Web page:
2013 March 31 Sunday
Biological Transistors Developed At Stanford

Reading this report I flash on Ramez Naam's very intriguing Nexus science fiction novel about nanomachines closely integrated into human brains. This is how it begins: biological transistors that can be placed in cells.

And now a team of Stanford University bioengineers has taken computing beyond mechanics and electronics into the living realm of biology. In a paper published March 28 in Science, the team details a biological transistor made from genetic material — DNA and RNA — in place of gears or electrons. The team calls its biological transistor the “transcriptor."

“Transcriptors are the key component behind amplifying genetic logic — akin to the transistor and electronics,” said Jerome Bonnet, PhD, a postdoctoral scholar in bioengineering and the paper’s lead author.

The creation of the transcriptor allows engineers to compute inside living cells to record, for instance, when cells have been exposed to certain external stimuli or environmental factors, or even to turn on and off cell reproduction as needed.

What we need: complex logic that can detect whether a cell has gone cancerous. A really complex nanodevice that can detect and selectively kill cancer cells would be a boon. The "improve cellular therapeutics" should involve reprogramming DNA in order to fix underlying disease causes.

“Biological computers can be used to study and reprogram living systems, monitor environments and improve cellular therapeutics,” said Drew Endy, PhD, assistant professor of bioengineering and the paper’s senior author.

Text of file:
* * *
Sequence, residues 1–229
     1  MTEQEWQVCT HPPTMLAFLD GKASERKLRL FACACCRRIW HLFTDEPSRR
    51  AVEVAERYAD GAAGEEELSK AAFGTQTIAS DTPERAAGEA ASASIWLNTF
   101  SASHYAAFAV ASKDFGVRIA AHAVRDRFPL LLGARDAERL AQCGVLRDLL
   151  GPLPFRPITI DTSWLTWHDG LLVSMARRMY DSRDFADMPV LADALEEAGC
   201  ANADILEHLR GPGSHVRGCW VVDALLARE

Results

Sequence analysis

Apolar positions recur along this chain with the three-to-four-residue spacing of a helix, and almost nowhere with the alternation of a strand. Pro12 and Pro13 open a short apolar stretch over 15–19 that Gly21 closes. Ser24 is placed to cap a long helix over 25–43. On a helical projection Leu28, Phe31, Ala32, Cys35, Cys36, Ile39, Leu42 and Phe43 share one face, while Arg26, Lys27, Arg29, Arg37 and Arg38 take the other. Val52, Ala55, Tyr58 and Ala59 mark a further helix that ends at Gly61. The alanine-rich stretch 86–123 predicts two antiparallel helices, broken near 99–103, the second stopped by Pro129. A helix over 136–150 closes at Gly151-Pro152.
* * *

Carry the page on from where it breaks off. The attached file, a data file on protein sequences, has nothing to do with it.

Reprogram living systems: The biggest need is for repair of aged cells, especially in the brain. We will be able to grow new organs in 10 to 20 years. But the brain has to be repaired. We need advanced gene therapy to fix accumulated mutational damage. We also need the ability to remove accumulated damaged garbage molecules that accumulate in cells.

By Randall Parker 2013 March 31 09:17 PM 
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2013 March 28 Thursday
Telomere Length Genetic Variants Influence Disease Risk

One of many studies showing a link between telomere length and health. Shorter telomeres are a sign of faster aging.

An international team of scientists including researchers from Imperial College London has found new evidence that links ageing of DNA molecules to the risk of developing several age-related diseases - including heart disease, multiple sclerosis and various cancers.

Telomeres – sections of DNA at the ends of our chromosomes – shorten each time a cell divides, so their length can be interpreted as a measure of biological ageing. However, it has not been clear whether the shortening of telomeres is responsible for causing disease, and whether people with shorter telomeres have a higher risk of diseases

But if telomeres really protect against cancer by hobbling the ability of cancer cells to divide many times will longer telomeres really lengthen life expectancy? The answer might depend on the presence or absence of genetic risk factors for cancer.

Dr Jess Buxton, from the Department of Medicine at Imperial analysed samples from over 5,500 of the study participants belonging to the Northern Finland Birth Cohort study. “We’ve shown that some people have genetic variants that mean they have shorter telomeres and are at higher risk of age-related disease,” she said.